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Austrians Don't Blow Bubbles

April 3, 2013

Harry Veryser's new book It Didn’t Have to Be This Way: Why Boom and Bust Is Unnecessary—and How the Austrian School of Economics Breaks the Cycle is reviewed by John Zmirak. He write:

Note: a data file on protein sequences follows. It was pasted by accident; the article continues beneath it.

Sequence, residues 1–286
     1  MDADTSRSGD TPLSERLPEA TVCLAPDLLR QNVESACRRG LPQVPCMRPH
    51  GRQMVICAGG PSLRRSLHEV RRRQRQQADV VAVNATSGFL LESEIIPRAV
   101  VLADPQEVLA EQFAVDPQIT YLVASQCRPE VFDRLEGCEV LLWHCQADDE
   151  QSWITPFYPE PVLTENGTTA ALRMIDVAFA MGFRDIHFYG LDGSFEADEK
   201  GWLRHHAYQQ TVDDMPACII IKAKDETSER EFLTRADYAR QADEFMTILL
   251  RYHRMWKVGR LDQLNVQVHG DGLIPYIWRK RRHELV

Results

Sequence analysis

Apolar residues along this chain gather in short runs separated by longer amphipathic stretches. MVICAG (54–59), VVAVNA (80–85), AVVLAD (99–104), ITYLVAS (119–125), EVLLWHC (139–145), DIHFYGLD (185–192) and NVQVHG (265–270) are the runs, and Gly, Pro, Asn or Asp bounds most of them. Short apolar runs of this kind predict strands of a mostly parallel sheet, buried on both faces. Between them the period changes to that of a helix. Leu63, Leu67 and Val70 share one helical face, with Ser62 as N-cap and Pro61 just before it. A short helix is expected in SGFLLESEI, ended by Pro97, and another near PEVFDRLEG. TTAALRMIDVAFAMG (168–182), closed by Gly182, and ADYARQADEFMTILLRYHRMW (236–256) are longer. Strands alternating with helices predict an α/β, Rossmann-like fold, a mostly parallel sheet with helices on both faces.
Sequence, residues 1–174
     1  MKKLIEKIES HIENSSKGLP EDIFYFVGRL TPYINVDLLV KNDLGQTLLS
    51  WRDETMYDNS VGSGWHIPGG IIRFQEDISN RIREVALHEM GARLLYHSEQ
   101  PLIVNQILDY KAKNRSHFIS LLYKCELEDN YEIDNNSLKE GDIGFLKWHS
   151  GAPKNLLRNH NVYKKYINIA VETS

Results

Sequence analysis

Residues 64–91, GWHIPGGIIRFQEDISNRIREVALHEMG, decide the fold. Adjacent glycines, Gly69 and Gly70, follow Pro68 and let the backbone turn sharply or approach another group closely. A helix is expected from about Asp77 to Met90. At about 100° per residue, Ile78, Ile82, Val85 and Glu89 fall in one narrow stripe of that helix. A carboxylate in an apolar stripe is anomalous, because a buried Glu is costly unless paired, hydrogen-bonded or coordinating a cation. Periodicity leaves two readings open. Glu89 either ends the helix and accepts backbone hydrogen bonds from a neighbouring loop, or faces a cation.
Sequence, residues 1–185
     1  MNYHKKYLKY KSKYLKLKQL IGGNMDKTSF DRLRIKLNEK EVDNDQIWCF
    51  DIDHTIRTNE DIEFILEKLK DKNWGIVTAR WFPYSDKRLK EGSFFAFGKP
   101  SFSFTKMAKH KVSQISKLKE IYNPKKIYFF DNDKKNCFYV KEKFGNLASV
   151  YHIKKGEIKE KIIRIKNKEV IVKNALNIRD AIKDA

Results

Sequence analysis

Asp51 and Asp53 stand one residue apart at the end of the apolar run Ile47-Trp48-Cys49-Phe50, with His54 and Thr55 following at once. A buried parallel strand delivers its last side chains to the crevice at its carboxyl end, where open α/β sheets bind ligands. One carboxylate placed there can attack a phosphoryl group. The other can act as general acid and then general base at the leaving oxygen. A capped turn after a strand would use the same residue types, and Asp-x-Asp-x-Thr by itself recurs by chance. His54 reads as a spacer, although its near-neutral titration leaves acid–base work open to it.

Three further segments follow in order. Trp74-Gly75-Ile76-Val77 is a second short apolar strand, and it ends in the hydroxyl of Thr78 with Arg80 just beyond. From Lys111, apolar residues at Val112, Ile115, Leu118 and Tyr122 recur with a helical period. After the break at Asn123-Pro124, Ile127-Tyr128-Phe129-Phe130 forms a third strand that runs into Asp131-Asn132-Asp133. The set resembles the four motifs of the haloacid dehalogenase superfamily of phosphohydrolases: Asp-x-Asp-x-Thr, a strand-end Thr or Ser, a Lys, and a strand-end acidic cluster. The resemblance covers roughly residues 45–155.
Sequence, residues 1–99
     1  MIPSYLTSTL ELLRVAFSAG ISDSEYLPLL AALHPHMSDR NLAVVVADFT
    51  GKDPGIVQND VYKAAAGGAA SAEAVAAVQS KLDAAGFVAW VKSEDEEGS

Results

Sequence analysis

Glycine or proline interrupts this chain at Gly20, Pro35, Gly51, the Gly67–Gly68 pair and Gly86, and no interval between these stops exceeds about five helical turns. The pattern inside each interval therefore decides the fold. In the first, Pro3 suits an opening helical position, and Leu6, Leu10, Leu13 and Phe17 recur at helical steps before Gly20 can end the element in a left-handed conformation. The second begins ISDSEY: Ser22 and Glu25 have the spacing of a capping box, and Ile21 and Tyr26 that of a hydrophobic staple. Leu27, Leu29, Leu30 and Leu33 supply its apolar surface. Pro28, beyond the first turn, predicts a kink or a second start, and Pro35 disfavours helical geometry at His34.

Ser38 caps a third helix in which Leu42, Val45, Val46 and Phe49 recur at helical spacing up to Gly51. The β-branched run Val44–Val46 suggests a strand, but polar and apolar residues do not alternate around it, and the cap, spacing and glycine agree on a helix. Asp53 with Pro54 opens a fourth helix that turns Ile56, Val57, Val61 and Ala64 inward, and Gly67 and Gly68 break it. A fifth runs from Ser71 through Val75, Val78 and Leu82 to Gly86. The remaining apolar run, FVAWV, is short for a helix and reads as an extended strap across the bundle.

What boggles the mind is how Harvard MBAs, Wharton professors, Federal Reserve chairmen, and other types who convene at places like Davos to plan the global future could have believed things would turn out differently. What would make someone think that worthless loans, all mooshed together then sliced thin and sold, would somehow acquire value? Did these people believe in magic? Statists like Paul Krugman and Alan Blinder who failed to see this catastrophe coming are emerging from the woodwork now to explain in retrospect that this implosion was the result of too little regulation—the natural outcome of free-market greed, unguided by the visible hand of Uncle Sam. Veryser shows that this diagnosis is pristinely, perfectly wrong, like an autopsy report that blames a lung cancer death on “not enough cigarettes to kill the tumor.”

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